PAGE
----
Performing this Week
Tara Helen O'Connor
The Santa Fe Chamber Music Festival
Summer 2009 — Week 9
Our radio broadcast this week features a Telemann Trumpet Concerto, the lesser known of Dohnanyi's two piano quintets, his opus 26 in e-flat minor, and "Mládí," a buoyant, late work for winds by Czech composer Leos Janáček.
Scroll down to find excerpts from Kerry Frumkin and Marc Neikrug's conversation about this week's program, comments from some of the musicians, and a few other things I found along the way.
Thanks for stopping by...
Tara Helen O'Connor, flute and piccolo; Liang Wang, oboe; Michael Rusinek, clarinet; Kyle Knox, bass clarinet; Nancy Goeres, bassoon; Julie Landsman, horn
One can hear a blend of romanticism and modernity in Janáček's. music. Similar to Robert Schumann's keyboard suite "Kinderzeinen," Janáček's Mládí, or "Youth," captures an adult's nostalgia looking back at one's younger days. Janáček wrote it in 1925 when he was 70 years of age.
Janáček composed "Mládí" when he was 70, and similar to Robert Schumann's "Scenes from Childhood," the work conveys the nostalgia of an adult looking back at youth. Here is a sample from a Phil Ramone classical music animation project for children based on the music from Schumann's "Kinderzeinen." Marc Neikrug is the pianist and the selection is Von fremden Landern und Menschen, "About strange Lands and people..."
GEORG PHILIPP TELEMANN
Trumpet Concerto in D Major
David Washburn, trumpet; Allen Vogel and Robert Ingliss, oboes; L.P. How and Kathleen Brauer, violins; Yu Jin, viola; Mark Brandfonbrenner, cello; Marji Danilow, bass; Kathleen McIntosh, harpsichord
Though Vivaldi also composed a great number of concerti, Telemann seemed capable of varying the capability of the concerto form in ways that Vivaldi never thought of. Here is an excerpt from Marc and Kerry's discussion on this subject.
Did you know?
Telemann liked the sound of the trumpet, and he wrote numerous concertos for that instrument, including a number of concertos for multiple trumpets. When Telemann wrote these concertos in the eightieth century, the valved trumpet had not yet been invented and these concerti were composed for an instrument Telemann knew as the clarino, a small valveless trumpet with a piercing and very clear sound. It was extremely difficult instrument to play, since the player had to produce the different pitches by varying lip pressure. The invention of the modern trumpet has solved many of these problems, but Telemann's brilliant writing for the trumpet in his concertos, often high in the instrument's range, remains difficult even on today's instruments. A large number of Telemann's trumpet concertos are in D Major, a key that was comfortable on the instrument of his day.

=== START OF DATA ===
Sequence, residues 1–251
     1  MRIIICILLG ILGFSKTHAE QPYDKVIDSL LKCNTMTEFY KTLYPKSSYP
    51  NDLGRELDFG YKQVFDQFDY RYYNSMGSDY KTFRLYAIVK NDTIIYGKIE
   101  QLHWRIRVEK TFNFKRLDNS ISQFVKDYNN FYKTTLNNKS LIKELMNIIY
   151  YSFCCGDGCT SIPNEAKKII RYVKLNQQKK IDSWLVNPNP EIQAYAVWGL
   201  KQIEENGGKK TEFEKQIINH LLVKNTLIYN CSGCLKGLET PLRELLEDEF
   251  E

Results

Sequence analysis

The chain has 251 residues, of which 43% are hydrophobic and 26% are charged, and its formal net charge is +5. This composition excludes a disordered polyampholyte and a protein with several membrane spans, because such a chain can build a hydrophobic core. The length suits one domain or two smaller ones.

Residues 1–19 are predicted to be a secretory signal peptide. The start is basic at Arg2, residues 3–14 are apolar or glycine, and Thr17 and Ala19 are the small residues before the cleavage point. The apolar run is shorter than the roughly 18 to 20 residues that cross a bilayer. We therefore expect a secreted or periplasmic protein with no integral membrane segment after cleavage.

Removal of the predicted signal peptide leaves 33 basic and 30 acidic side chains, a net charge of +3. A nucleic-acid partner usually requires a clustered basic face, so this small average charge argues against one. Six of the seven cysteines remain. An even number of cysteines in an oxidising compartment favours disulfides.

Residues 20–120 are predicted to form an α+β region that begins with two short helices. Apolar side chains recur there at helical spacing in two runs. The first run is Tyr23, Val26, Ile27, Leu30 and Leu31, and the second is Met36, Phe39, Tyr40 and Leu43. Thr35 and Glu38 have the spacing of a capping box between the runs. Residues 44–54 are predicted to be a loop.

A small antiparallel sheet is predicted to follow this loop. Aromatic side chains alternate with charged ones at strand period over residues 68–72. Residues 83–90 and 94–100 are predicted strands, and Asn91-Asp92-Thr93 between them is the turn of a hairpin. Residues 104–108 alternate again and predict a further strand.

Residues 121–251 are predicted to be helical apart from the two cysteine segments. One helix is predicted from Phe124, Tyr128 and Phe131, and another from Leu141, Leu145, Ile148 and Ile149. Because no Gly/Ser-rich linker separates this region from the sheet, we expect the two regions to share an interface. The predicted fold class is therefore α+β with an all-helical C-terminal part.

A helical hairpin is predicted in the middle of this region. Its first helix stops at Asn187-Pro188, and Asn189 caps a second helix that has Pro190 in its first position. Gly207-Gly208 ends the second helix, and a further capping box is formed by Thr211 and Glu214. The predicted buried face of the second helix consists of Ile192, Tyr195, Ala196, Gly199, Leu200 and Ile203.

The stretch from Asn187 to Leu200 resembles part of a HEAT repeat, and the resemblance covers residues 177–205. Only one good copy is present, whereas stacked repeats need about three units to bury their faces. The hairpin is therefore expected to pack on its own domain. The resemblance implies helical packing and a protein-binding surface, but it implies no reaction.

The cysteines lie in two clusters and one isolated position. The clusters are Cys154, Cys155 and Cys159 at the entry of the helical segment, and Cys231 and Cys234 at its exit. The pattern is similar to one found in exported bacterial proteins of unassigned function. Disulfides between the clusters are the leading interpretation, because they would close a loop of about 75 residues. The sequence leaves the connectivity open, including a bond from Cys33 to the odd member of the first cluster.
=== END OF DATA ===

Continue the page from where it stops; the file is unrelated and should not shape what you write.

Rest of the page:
ERNST VON DOHNÁNYI
Piano Quintet No. 2 in E-Flat Minor, Op. 26
Daniel Phillips and Benny Kim, violins; Steven Tenenbom, viola; Eric Kim, cello; Jon Nakamatsu, piano
Although Dohnányi lived well into the 20th Century, his lush, romantic music was a "through-back to an older time." Daniel Phillips tells Louise Frank about Dohnányi's Piano Quintet No. 2 in e-flat minor, opus 26.
None of the members of the ensemble – all accomplished chamber musicians – had played this piece before. Here cellist Eric Kim describes how the group came to love this piece, despite a difficult beginning when they first saw the score.
In this unedited out-take from their conversation, Marc and Kerry discuss Dohnányi in conjunction with his fellow contrymen, Kodaly and Bartok, in respect to the adventuresomeness or conservatism in their music.